First an update.

These are the books I’ve read since the last time I blogged:

  • “The House of Mirth” by Edith Wharton
  • “Justice Calling” by Annie Bellet
  • “Fangirl” by Rainbow Rowell
  • “My Brilliant Friend” by Elena Ferrante
  • “The Parable of the Sower” by Octavia Butler (underway)

It’s been almost six months since I started, so I’m at the turn.

Now, for some data.

I was curious about my reading habits before I started this challenge. To a certain extent, I had it in my head that reading a year of only women wouldn’t be that big of a deal for me. I read very widely between genres, styles, and (I assumed) gender.

The good news is that, as a diligent user of Goodreads since September 2012, I have the data that would allow me to check this assumption. Every time I start and finish a book, I log it in Goodreads.

So I went through the genders of the authors of all the books I’ve logged before I started the challenge. Before tallying them, I probably would have guessed that my split was maybe 40% women, 60% men? Something like that.

Here’s how it actually looked:

booksbywomen

Yikes!

Two and a half years of data is hard to argue with: I have a pretty strong unconscious bias toward male authors. It’s great that I look forward to the next Tana French novel, or pick up Pride and Prejudice, but the data doesn’t lie. I read four books written by men for every book I read by a woman.

Here’s something interesting, though. My bias is not just my own. Here are screenshots of the gender split between men and women authors reviewed by major publications and the genders of the reviewers themselves (compiled in 2010).

Screen Shot 2015-09-07 at 9.14.31 AM

Screen Shot 2015-09-07 at 9.14.37 AM

Screen Shot 2015-09-07 at 9.14.19 AM

(Charts are from Vida)

What is striking to me is how much these charts look like my own chart of reading.

This is further backed by the research Nicola Griffith (whose book Hild was on my reading list this year) tabulated on gender and awards.

She has two posts with charts that show pretty clearly that not only are women authors passed over for awards but that books about women are as well. And that the disparity between the shortlist and the winner magnifies the gender imbalance. (This is akin to a point we frequently make on the Media Carnivores podcast. For example, The Sopranos is considered a great TV show, but Sex in the City is considered a “guilty pleasure” and not the revolutionary show it was.)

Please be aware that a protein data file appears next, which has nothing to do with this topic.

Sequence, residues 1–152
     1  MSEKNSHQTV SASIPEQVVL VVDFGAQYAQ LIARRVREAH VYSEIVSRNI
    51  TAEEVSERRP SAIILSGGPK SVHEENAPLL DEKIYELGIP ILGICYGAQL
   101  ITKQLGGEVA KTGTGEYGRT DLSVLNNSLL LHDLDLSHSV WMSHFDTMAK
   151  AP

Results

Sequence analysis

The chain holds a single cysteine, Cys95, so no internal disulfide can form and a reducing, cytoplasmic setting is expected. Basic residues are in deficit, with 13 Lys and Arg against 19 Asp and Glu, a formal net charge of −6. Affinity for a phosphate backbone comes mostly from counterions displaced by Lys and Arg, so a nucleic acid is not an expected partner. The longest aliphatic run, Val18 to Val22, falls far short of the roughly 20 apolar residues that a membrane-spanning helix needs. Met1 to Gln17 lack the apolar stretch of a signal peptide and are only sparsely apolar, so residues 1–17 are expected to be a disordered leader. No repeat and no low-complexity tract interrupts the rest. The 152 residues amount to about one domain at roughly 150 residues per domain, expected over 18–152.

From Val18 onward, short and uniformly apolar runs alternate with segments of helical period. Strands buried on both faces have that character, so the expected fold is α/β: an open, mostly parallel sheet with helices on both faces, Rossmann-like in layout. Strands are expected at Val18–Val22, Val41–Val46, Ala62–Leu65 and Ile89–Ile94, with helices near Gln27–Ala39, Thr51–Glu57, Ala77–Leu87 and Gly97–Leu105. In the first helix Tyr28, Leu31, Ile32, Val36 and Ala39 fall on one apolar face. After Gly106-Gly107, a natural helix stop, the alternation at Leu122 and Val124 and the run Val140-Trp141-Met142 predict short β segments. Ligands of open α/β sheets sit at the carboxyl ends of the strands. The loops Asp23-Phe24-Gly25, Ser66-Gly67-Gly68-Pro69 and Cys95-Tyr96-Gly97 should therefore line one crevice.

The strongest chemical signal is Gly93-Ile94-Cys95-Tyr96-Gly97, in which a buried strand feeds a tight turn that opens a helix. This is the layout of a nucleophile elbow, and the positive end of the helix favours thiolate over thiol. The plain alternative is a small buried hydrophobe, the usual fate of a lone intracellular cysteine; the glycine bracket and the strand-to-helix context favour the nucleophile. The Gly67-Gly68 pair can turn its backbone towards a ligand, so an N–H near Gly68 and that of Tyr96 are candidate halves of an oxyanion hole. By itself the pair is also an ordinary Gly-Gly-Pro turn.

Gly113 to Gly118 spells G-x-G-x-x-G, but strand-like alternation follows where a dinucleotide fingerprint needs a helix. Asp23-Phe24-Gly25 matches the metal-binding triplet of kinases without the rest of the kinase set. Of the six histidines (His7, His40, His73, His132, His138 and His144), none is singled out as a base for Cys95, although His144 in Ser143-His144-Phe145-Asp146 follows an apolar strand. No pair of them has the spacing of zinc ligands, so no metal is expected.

All of that suggests that my bias is in a feedback loop with the publishing industry itself. When I hear about books that win awards or get glowing reviews, they are already the product of a system with a lot of inherent bias, and it reinforces my own.

This makes me pretty glad that I’ve made a conscious decision to correct the imbalance with a year of just reading women.

And the truth is, it should be easy to keep corrected. I now follow more women authors on Twitter. Goodreads recommends more books by women now that I am reading more books by women. Many of the books I’ve picked up since April were by authors I hadn’t read before, so I now want to read more of their books (especially Donna Tartt, Nicola Griffith, Edith Wharton, Annie Bellet, Rainbow Rowell, and Elena Ferrante) which means my to-be-read pile already has a lot more books by women on it than it has before.

So. That’s the report at six months. I’ll update again in a couple months but if you want to stay connected with what I’m reading as I go, you can friend me on Goodreads. The farther I get into this year, the happier I am that I started.

Here’s my full reading list from April up through today:

  • Harry Potter series by J.K. Rowling
  • “Daughter of Fortune” by Isabel Allende
  • “Beautiful Music for Ugly Children” by Kirstin Cronn-Mills
  • “The Secret History” by Donna Tartt
  • “Station Eleven” by Emily St. John Mandel
  • “Strong Poison” by Dorothy Sayers
  • “Hild” by Nicola Griffith
  • “Ripley’s Game” by Patricia Highsmith
  • “Fairest” by Marissa Meyer
  • “The Year of Magical Thinking” by Joan Didion
  • “The Girl on the Train” by Paula Hawkins
  • “Wild” by Cheryl Strayed
  • “The House of Mirth” by Edith Wharton
  • “Justice Calling” by Annie Bellet
  • “Fangirl” by Rainbow Rowell
  • “My Brilliant Friend” by Elena Ferrante
  • “Parable of the Sower” by Octavia Butler

(Note on this image. I find the cover image of Hild incredibly striking. Without a doubt, it was seeing Hild staring at me in bookstores that made me buy the book. Hild’s face makes for a fitting image to my posts about reading this year.)